Charcoal vs. Gas Grills: Which Is Better?
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Charcoal vs. gas grill, also known as the "Great Debate." Our simple pros and cons list will help you decide which grill is best for your family.
Everyone has their own opinion when it comes to charcoal and gas grilling. Which type of grill is the best? Is there a correct choice for whipping up amazing grilling recipes? Rather than guessing which to use at your next cookout, we’ve rounded up the pros and cons of charcoal and gas grills so you can make a well-informed decision for what will be the tastiest choice of the summer.
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According to some die-hard barbecue fans, the only way to grill is with charcoal. Charcoal provides that rich, smoky flavor that, even with an attached smoker box, gas just can’t meet. Learn more about how to use a charcoal grill.
Pros of charcoal grills:
- Typically, charcoal grills reach a higher temperature than gas grills. A grill has to reach a temperature of at least 600 degrees Fahrenheit to achieve a nice sear on your meat. This is no problem for a kettle grill filled with red-hot charcoals as it can reach 700 degrees Fahrenheit. While there are gas grills that can reach higher temperatures, they’re usually on the pricier end.
- You get that scrumptious, smoky flavor. Ever wonder how charcoal grills give so much flavor? Turns out, that higher heat is key. When the drippings from your steak, chicken or veggies fall on the hot coals, they turn into flavor-packed steam and smoke that goes right back into the meat, resulting in the amazingly unique taste of charcoal grilling.
- They are easier on your wallet. A basic charcoal grill will run you about $25, while a moderately priced one can be found for around $150. Of course, higher-end models go up from there, but in comparison, charcoal grills are far less expensive than gas grills which usually cost between $130-$300.
Cons of charcoal grills:
- Longer heat up time. Charcoal grills, on average, take about 15-20 minutes to reach the proper cooking temperature (not including the time it takes to light the charcoal), whereas gas grills instantly light up and take about 10 minutes to reach cooking temperature. There are a few different ways to start a charcoal grill, too.
- Fuel cost adds up. A 20-pound propane cylinder can provide around 25 days of cooking time, whereas a 20-pound bag of charcoal will only yield three grilling sessions. The type of charcoal you cook with can change the way your food tastes as well. Clean-burning hardwood/lump charcoal can go for $35 to $40 for a 20-pound bag.
- The cleanup is a bit more cumbersome. As opposed to the gas grill that only needs a quick scrub with a brush, a charcoal grill has to be emptied of its used ashes before it can be scrubbed. Be sure to follow these grill cleaning tips, too.
Best Charcoal Grill: Our Test Kitchen recommends the Weber’s Original Kettle Charcoal Grill ($109) for its durability and temperature control.
Shutterstock / Arina P Habich
There’s no denying how convenient gas grills are in terms of start-up and temperature control, but that ease comes with a price.
Pros of gas grills:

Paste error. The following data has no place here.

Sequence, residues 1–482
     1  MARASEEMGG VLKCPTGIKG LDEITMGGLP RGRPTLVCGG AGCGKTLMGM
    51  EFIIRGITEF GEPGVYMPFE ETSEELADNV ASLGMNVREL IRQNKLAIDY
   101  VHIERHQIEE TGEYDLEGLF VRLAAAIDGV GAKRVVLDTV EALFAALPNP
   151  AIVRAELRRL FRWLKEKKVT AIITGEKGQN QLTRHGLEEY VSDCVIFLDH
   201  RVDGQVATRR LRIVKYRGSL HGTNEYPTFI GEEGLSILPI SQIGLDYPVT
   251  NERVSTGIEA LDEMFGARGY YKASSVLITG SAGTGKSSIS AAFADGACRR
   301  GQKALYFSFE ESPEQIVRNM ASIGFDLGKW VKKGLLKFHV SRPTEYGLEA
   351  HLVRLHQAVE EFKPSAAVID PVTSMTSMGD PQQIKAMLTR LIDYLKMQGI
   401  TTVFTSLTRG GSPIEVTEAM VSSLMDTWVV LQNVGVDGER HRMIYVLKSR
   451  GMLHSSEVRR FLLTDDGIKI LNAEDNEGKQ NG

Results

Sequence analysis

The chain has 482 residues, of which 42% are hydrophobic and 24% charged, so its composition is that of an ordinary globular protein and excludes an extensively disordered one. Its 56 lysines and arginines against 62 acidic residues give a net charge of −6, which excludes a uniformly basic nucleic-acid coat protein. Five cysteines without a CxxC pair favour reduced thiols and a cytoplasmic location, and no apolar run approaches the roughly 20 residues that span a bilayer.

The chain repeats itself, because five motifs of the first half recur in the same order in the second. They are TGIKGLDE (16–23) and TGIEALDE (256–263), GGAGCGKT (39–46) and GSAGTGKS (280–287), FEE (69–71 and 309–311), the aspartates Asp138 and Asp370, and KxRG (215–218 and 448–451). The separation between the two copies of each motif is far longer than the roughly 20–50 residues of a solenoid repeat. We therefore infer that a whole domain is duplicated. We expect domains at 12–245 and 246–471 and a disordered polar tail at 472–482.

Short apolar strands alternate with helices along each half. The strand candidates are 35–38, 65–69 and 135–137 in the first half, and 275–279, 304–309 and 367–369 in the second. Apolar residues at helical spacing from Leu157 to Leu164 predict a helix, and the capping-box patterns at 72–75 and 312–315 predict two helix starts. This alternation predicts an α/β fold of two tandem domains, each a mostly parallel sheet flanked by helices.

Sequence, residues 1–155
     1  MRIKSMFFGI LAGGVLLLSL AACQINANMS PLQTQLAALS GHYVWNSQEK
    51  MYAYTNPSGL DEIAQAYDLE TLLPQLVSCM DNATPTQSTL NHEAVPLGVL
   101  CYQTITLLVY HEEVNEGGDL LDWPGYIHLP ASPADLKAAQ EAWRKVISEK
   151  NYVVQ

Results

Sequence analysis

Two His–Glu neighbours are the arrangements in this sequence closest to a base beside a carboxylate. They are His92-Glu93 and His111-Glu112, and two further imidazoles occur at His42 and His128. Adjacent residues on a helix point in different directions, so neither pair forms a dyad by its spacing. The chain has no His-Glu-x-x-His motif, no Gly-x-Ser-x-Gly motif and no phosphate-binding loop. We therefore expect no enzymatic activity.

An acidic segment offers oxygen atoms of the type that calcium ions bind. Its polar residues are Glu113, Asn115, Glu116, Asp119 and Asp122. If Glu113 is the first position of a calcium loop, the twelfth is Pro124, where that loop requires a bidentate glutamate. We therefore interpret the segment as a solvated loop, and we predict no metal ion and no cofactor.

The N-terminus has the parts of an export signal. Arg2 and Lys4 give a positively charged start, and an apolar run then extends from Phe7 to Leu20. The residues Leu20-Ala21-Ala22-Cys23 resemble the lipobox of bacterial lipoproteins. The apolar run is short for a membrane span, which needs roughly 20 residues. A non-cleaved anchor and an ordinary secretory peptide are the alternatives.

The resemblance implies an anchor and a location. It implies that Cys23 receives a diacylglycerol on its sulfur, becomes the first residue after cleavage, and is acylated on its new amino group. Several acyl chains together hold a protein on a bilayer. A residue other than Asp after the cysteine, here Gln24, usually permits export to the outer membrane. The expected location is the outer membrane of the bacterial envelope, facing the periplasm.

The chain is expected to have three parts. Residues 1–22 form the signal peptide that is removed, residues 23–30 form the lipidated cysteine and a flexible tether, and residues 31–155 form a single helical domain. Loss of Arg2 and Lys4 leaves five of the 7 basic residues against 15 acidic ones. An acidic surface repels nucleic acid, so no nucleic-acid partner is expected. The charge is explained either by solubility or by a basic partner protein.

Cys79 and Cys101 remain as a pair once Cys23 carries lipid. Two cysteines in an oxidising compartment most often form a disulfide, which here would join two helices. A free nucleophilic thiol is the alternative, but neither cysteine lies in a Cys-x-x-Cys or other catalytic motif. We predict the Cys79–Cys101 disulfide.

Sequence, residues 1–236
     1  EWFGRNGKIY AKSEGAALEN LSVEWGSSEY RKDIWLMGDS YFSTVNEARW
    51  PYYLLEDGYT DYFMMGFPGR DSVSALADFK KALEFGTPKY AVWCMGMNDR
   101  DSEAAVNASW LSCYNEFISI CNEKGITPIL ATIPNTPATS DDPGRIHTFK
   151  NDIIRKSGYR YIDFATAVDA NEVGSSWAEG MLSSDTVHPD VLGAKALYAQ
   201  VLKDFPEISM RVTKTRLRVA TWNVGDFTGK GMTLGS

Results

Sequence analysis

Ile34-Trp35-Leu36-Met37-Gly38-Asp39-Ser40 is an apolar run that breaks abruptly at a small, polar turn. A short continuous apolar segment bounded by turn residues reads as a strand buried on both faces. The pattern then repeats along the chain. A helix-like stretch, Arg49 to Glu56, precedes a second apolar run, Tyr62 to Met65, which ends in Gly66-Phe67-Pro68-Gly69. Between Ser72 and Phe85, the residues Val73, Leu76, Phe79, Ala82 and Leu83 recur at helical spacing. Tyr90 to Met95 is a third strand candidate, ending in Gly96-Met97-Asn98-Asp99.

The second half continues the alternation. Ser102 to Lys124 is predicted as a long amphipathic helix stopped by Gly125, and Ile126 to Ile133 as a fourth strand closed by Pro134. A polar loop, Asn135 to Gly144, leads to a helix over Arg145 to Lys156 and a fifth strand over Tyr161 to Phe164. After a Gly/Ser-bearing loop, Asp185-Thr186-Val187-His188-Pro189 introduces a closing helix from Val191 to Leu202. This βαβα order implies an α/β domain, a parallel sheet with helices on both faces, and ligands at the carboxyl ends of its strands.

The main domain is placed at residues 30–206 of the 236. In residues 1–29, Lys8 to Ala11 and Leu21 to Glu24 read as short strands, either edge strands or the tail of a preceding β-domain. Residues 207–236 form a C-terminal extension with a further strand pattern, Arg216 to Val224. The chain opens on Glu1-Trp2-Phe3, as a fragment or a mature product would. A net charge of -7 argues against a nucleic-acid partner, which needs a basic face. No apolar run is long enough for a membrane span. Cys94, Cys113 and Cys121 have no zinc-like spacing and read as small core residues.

- They are better for you and the environment. It’s scientifically proven! In regards to your health, The Healthy says opt for a gas grill. Why? Because gas-grilled meats contain fewer carcinogens compared to char-kissed charcoal-grilled meats. As for the environment, it’s been studied that gas grills’ carbon footprint is about one-third of charcoal grills’ carbon footprint.
- Quick start-up and temperature control. With a simple press of the ignition button and a turn of the dial, your gas grill will spark to life. After a quick preheat, you’ll be ready to grill, rather than having to wait for coals to heat up. You can also go from low heat needed for bone-in chicken to searing hot for kebobs or steak without having to worry about moving around hot coals, too. (By the way, here’s the difference between propane and natural gas).
- Versatility. With a gas grill, you can easily cook delicate foods such as fruit and vegetables without the worry of overpowering the food with the smoke flavor that comes along with charcoal grilling. Catherine Ward, Taste of Home‘s Prep Kitchen Manager, recommends using a gas grill for fish and shellfish because you still get that nice grilled flavor without any added smoke. If the smoke flavor is desired, you can easily add a smoke box ($21) or you can learn how to turn your grill into a smoker with these tips.
Cons of gas grills:
- Assembly time. As opposed to the charcoal grill that can be set up in a jiffy, a mid-range gas model is a bit more complicated to assemble and hook up to a propane tank.
- Safety. While there are safety precautions to follow with any form of cooking, you have to be extra careful when cooking with a gas grill. Always make sure that your propane tank is properly attached without leaks, your grill is at least ten feet from your home and deck and that the grill is free from grease. Not sure how to best clean your grill? Follow this simple grill cleaning check-list that’ll leave your grill looking brand-new!
- Portability. Though travel-sized gas grills are available, it would be much too difficult, and dangerous, to tow a full-sized gas grill around to the park or the beach.
Best Gas Grill: Our Test Kitchen staff recommend the Weber Genesis II E-335 Gas Grill ($950) for its durability and top-of-the-line cooking power.
The Bottom Line
Charcoal and gas grills each have their pro and cons, but only you can decide which would be best for your family and lifestyle. With so many delicious grilling recipes to cook up this summer, you can’t go wrong either way.